THE hope of a revived power sector heralded by the privatisation of power assets is fading fast.
The 2013 exercise culminated in the handing over of 10 Distribution Companies, DISCOs, and four Generation Companies, GENCOs, to investors. But rather than being a solution, the measure appeared to be breeding more troubles four years after.
At the core of the issue is the inability of stakeholders, particularly the DISCOs and the Federal Government, to come up with a workable template.
Through regulatory actions, DISCOs are forced to sell their product valued at N80 per Kilowatt Hour, at an average retail price of N32 per Kilowatt Hour. The huge gap of about N50 per Kilowatt Hour and other liabilities created by this is said to have hiked market debts of the DISCOs to about N1.3 trillion.
This issue of Cost Reflective Tariff, CRT, has pitched the government against the DISCOs. The CRT is to ensure that investors recoup their investment in addition to a decent margin as profit.
This was the expectation of those who committed more than N11 trillion to buy the electricity distribution assets.
But while the DISCOs claim they are being owed by government agencies, the latter accused them of owing the Nigerian Bulk Electricity Trading Company ,NBET, about N800 billion.
Unfortunately, the situation has robbed the sector of direction and momentum. Rather than provide regulatory functions that could salvage the situation through the Nigerian Electricity Regulatory Commission, NERC, government daily engages in buck-passing.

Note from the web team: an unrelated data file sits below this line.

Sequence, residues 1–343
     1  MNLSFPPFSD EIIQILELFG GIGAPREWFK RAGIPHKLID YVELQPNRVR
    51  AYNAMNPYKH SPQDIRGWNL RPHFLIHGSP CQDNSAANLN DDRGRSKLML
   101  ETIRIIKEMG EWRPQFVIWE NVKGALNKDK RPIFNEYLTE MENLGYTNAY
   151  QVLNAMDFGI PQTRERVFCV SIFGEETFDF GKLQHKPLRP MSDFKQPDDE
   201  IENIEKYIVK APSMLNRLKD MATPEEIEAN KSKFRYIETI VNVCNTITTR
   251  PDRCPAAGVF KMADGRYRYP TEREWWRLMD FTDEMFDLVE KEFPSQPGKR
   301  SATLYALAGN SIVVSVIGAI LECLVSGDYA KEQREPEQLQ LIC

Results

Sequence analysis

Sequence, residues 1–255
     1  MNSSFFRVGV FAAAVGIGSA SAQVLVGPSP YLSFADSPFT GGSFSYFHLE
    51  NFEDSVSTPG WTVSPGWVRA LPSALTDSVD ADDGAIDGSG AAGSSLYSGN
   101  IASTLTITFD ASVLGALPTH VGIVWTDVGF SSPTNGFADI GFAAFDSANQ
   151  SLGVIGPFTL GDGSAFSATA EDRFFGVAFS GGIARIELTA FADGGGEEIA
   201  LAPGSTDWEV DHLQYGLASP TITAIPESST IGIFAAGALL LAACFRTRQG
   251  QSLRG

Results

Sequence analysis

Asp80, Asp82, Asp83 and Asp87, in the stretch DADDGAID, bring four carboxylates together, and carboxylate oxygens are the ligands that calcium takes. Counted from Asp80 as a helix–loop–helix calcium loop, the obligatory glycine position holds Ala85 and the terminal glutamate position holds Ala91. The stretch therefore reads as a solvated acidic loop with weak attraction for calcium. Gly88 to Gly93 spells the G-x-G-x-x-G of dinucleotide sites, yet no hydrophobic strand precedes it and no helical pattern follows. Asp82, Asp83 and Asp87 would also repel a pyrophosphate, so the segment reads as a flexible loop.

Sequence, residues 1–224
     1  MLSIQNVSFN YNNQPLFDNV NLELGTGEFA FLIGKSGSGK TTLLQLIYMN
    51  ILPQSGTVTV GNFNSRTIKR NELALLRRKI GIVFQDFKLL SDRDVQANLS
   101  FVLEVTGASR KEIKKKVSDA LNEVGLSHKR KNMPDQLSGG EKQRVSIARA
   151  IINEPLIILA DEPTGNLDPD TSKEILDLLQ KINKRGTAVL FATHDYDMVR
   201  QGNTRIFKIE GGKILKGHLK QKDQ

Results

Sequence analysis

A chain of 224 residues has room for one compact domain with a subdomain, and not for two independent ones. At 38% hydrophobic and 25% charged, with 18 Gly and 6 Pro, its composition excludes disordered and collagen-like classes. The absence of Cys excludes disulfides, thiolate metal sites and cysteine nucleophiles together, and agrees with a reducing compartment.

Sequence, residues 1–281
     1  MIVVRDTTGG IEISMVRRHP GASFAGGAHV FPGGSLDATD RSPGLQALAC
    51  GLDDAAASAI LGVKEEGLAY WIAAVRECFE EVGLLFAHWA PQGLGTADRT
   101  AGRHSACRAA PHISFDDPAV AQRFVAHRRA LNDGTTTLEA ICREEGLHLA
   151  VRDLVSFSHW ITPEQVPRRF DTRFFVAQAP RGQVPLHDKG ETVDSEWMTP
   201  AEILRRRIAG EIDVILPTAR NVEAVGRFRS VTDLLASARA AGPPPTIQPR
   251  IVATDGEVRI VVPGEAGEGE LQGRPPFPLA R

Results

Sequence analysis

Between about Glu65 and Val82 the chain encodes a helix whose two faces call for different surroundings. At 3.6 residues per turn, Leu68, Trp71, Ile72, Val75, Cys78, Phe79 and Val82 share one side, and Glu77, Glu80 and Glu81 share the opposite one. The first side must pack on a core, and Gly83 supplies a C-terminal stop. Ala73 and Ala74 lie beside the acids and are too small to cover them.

In fact, government has unduly been combative in responding to the matter, suggesting that the intractable crisis is defying solutions.
Should this situation which neither side can win nor gain continues, the problem will grow beyond its current crisis point.
It is, therefore, incumbent on government to break the logjam by starting reasonable conversations with investors. Before doing that, it must drop its antagonistic strategy.
A more malleable approach, which emphasizes dialogue, mutual respect, rapprochement and consensus between the Ministry of Power and stakeholders, could make a difference.
As a matter of urgency, the authorities should finalise works on the Power Sector Recovery Programme, PSRP, and commence its execution.
PSRP envisions that the market shortfall will be addressed under the World Bank $2.5 billion performance loan to the Federal Government.
Under PSRP, an initiative of the Federal Government in conjunction with the World Bank Group, International Finance Corporation, IFC, and Multilateral Investment Guarantee Agency, MIGA, the government will be responsible for the differentials between what DISCOs charge end users and CRT.
This would enable DISCOs to recover their cost and make a modest profit, even as consumers are left happy with affordable tariffs.
We strongly believe that the adoption of these fundamentals would do much in salvaging the situation.